By: Liz Skinner
Published By: Investment News
May 12, 2013
The extended rally in stocks has led financial advisers to take steps to prepare portfolios for a pullback.
Advisers are also actively helping clients curb their enthusiasm – and fears – about the new peaks in the Dow Jones Industrial Average.
The Dow industrials closed above 15,000 for the first time last Tuesday and closed last Friday at 15,118.49, up 1% for the week.
Some advisers are building up client cash stockpiles and moving larger portions of client portfolios out of equities.
In fact, $4.3 billion flowed out of stock mutual funds over the seven-day period ended May 1, according to the Investment Company Institute.
That is the first time that the sector has seen outflows all year.
“People are kind of spooked from what happened in 2008 and saying, ‘I’m not getting fooled again,'” said financial adviser Paul LaViola of RTD Financial Advisers Inc.
He is recommending that clients take profits and sock away the cash they will want access to over the next two years in highly liquid accounts.
Mr. LaViola is also doing some re-balancing into short-term bonds.
Jeffry R. Miller, chief investment officer of Armor Investment Advisers LLC, said that he isn’t selling equities now, but he isn’t reinvesting interest and dividends into them, either.
Those payoffs are going into short-term fixed income and short-term corporate investments.
The firm had already trimmed its long-term bonds over the past year, Mr. Miller said.
He is still investing new money into equities, but very carefully.
For instance, emerging markets have trailed the U.S. equity markets substantially over the past four months, suggesting that there is more value to be had there in the long term, Mr. Miller said.
“We’re still making some equity investments, but being slow and deliberate about going into anything in the equity space,” he said.
In reaction to phone calls from investors and as part of regularly planned portfolio reviews over the past month, advisers have been warning investors to expect a pullback. Part of the message is positive – reminding clients that they have already benefited from the run-up.
“I try to take the emotion out of investing by focusing on valuations,” said Jeremy Kisner, an adviser and president of SureVest Capital Management. “I tell them to tune out all the stories in the news.”
Over the past month or two, clients have worried that the U.S. equity market is rising so fast that it is destined to crash.
The market will go down, Mr. Kisner tells them, but not in the way it did in 2008.
“We definitely could and probably will have a 5% to 10% correction, he said he tells clients. “But I think you are worried about having another 2008, and I don’t think it will happen.”
Mr. Kisner backs up his declaration with the following logic: Equity valuations are responsible; company balance sheets are stronger than they have been in decades; the U.S. economy is growing, if slowly; and U.S. companies are growing even more because they are exporting goods to China, India and other countries.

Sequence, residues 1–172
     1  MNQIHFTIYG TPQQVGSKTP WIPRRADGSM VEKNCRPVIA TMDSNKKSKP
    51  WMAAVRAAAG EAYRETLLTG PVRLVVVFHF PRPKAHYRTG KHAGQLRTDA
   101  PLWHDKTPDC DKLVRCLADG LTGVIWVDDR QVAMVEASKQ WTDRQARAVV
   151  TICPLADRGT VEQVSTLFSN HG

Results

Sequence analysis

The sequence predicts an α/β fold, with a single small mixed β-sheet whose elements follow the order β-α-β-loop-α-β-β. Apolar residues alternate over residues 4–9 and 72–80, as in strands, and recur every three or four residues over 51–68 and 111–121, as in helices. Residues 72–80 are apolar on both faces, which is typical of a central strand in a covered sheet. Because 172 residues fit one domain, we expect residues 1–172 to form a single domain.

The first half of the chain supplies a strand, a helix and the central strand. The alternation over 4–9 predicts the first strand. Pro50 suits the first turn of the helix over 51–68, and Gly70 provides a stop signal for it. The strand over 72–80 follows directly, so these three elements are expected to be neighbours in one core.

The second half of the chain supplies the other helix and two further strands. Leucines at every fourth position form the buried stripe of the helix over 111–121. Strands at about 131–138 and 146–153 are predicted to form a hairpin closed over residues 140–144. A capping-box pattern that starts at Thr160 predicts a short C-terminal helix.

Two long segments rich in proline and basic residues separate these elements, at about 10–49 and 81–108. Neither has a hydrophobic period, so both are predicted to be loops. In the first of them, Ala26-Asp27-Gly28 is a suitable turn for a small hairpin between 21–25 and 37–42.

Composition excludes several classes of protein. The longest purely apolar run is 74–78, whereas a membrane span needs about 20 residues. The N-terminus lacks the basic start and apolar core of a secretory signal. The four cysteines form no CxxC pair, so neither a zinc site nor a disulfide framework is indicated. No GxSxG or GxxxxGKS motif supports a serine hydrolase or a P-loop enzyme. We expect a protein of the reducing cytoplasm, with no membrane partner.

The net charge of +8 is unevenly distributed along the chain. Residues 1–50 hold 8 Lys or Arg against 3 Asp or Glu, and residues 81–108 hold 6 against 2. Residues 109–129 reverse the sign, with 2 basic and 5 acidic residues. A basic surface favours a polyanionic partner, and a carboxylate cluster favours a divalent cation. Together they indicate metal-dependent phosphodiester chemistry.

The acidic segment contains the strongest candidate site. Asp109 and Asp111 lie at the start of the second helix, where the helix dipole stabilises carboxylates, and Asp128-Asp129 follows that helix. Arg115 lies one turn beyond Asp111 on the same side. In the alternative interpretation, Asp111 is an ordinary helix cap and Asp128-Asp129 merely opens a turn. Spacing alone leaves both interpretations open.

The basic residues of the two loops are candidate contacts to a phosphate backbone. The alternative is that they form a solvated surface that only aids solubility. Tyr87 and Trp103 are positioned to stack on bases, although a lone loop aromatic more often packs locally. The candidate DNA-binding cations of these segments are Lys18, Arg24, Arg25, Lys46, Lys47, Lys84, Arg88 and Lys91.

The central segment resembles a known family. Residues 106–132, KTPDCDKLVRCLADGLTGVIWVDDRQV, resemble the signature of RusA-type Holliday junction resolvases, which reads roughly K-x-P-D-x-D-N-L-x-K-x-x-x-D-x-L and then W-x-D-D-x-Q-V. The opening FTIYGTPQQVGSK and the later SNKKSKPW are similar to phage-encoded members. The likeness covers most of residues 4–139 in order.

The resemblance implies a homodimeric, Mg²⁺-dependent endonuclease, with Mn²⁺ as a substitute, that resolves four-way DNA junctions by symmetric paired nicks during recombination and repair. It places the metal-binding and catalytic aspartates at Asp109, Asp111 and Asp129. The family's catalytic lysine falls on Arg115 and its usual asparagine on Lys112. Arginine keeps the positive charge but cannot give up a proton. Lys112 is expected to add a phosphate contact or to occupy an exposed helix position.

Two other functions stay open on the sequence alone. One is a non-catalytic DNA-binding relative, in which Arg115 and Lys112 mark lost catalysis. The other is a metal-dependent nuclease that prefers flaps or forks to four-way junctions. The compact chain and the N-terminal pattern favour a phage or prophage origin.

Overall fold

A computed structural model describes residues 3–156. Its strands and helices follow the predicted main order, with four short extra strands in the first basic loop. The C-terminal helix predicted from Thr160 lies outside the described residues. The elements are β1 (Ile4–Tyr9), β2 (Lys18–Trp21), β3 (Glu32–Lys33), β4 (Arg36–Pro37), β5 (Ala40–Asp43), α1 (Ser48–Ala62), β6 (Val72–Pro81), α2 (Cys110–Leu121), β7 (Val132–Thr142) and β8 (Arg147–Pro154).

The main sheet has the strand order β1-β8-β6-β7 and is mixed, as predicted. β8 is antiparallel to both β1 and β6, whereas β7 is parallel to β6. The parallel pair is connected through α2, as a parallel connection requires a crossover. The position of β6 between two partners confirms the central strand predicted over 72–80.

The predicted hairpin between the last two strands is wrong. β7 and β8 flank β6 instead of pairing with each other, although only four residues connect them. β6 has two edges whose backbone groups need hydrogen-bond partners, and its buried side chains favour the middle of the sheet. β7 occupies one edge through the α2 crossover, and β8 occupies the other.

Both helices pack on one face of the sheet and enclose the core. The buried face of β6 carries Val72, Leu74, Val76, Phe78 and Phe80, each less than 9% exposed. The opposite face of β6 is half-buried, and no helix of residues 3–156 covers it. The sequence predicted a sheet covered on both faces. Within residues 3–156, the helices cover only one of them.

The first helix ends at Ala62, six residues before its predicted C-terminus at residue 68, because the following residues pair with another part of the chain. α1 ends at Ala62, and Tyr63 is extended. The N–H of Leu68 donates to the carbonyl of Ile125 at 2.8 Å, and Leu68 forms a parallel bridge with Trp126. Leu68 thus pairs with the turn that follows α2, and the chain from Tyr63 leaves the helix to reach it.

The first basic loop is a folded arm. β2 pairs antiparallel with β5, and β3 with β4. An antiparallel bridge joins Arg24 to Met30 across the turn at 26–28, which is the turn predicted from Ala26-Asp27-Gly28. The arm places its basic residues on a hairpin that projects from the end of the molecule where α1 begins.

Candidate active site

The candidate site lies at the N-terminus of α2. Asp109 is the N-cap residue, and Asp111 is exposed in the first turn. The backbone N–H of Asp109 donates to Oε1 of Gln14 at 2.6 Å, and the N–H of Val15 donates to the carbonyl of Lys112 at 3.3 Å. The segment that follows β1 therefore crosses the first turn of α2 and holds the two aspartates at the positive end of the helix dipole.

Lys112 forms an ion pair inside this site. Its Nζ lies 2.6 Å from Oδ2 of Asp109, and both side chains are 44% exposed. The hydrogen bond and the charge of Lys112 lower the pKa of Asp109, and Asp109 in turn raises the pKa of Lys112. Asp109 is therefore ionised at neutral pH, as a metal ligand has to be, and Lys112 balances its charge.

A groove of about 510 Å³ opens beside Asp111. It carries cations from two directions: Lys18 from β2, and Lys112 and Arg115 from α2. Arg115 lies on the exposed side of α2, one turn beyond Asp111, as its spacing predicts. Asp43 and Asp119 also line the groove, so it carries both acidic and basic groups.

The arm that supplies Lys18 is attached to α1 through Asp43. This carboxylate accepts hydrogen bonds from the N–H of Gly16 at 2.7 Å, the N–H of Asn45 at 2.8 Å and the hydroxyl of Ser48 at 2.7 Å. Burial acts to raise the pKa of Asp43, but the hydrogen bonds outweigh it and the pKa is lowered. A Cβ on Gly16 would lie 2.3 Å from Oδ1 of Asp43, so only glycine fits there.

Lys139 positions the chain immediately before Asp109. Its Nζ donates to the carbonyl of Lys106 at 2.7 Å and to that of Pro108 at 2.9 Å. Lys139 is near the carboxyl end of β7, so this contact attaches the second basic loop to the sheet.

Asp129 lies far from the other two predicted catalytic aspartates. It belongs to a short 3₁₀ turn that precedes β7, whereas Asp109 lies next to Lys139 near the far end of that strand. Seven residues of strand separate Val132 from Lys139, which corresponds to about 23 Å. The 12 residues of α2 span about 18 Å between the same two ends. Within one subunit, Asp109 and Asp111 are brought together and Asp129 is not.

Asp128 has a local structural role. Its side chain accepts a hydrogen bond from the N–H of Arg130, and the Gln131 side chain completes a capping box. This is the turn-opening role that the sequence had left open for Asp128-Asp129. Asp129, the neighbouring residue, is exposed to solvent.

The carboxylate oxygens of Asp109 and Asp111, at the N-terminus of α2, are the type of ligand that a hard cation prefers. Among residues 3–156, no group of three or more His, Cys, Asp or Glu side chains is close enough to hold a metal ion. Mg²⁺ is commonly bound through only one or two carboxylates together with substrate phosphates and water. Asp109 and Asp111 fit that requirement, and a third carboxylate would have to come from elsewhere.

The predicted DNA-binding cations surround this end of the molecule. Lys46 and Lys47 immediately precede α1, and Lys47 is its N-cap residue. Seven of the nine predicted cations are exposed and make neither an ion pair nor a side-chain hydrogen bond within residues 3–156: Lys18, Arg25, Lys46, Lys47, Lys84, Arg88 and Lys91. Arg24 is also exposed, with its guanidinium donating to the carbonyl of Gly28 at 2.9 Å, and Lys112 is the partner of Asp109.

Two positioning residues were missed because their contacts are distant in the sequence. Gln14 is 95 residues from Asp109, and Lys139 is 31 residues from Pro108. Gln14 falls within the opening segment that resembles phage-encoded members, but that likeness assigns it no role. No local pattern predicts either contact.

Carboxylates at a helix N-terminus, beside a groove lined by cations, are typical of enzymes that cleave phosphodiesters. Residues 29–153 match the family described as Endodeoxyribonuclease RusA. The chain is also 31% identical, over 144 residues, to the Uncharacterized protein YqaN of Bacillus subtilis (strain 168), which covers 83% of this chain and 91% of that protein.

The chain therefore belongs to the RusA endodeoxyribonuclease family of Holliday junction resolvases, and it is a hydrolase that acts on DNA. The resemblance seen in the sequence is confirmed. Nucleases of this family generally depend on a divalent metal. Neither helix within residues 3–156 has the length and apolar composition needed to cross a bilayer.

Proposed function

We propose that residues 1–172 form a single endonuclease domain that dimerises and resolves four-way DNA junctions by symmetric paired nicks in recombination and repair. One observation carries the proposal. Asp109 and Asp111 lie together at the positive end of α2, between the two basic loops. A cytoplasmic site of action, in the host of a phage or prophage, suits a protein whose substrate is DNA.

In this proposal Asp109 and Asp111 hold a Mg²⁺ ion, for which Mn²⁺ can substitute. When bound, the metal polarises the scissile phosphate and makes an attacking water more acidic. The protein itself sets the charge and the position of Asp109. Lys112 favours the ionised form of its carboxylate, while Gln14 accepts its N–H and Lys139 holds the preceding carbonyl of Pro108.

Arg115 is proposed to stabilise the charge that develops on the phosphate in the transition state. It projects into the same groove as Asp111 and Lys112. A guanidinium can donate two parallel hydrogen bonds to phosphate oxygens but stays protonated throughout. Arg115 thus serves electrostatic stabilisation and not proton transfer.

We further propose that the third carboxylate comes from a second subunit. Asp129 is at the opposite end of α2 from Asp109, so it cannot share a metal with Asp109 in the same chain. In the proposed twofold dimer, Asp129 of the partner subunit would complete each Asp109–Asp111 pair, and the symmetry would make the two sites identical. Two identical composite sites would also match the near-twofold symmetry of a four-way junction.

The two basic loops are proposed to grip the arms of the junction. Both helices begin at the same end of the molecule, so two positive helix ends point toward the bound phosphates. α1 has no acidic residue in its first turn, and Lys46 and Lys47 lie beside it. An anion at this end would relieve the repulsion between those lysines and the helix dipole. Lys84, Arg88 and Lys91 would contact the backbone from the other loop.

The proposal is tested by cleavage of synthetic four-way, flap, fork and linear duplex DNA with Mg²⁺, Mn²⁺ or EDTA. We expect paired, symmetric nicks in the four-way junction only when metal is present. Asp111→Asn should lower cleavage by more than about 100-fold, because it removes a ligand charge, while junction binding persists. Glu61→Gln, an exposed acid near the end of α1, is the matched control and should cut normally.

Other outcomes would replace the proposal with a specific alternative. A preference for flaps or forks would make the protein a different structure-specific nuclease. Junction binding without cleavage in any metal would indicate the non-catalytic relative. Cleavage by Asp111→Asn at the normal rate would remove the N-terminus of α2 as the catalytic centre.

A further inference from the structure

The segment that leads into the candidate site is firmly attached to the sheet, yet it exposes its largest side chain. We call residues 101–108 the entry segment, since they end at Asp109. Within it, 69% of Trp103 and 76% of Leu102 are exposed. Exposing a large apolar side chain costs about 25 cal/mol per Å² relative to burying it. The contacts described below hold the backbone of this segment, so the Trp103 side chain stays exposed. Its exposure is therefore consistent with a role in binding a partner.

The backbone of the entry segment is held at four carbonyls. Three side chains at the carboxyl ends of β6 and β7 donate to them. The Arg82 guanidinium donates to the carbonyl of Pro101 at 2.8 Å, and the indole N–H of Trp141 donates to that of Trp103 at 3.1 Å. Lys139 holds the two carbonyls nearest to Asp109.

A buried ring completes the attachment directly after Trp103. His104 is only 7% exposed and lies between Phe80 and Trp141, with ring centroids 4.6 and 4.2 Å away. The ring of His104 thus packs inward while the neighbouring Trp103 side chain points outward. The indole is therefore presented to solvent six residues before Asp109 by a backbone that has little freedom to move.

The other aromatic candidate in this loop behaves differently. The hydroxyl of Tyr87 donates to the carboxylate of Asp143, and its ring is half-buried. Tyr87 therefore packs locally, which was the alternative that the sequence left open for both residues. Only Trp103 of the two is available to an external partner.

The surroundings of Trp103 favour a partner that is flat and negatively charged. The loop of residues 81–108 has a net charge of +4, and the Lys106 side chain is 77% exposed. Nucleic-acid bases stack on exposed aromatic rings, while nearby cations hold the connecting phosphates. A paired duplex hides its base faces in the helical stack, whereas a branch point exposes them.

He also reminds clients that their portfolios are hedged so that there is built-in protection for any downturn greater than a typical 5% to 10% correction.
The Dow industrials are up about 15% for the year (25% over the past 52 weeks), and up 6% over the past two months.
“We tell clients, ‘Yes, the markets are reaching all-time highs, but we anticipate a pullback that would be healthy for any markets,'” said John West, an advisor with Spraker Wealth Management, Inc. “Markets can’t continue to go up every day.”
A 40% rise on any investment touches off a conversion among Sraker’s financial professionals about whether it is time to take the gain and reinvest the funds elsewhere.
Over the past three months, the firm that has shold shares in Altria Group Inc. (MO), Ford Motors Co. (F) and The Proctor & Gamble CO (PG), according to Mr. West.
Clients who have been with the firm for a decade or longer are easiest to keep on an even keel, he said.
New clients in the past year typically are almost all in cash because they have been out of the market for four or five years.
“With those clients, we are tempering expectations and explaining that when we get a pullback, we will start putting a percentage of their cash back to work,” Mr. West said.
Lili Vasileff, a financial adviser and founder of Divorce and Money Matters LLC, said that a large client recently e-mailed her asking what she thought about “the bubble,” and included a link to a video that was “full of gloom and doom.”
She reminded the woman that her diverse portfolio is designed based on historical performance in both bull and bear markets.
Ms. Vasileff also told her that any holdings that declines 2.5% is re-evaluated to see if any changes are needed.
Ms. Vasileff doesn’t contact clients with market news because she has found that the action itself causes them to ask if they should be afraid. Instead, she sends out a monthly newsletter with information about other issues.
Scott, Brewster, President of Brewster Financial Planning LLC, said that he hasn’t heard much from clients.
“I think clients are holding their breath and afraid to mess up the recent good fortune.”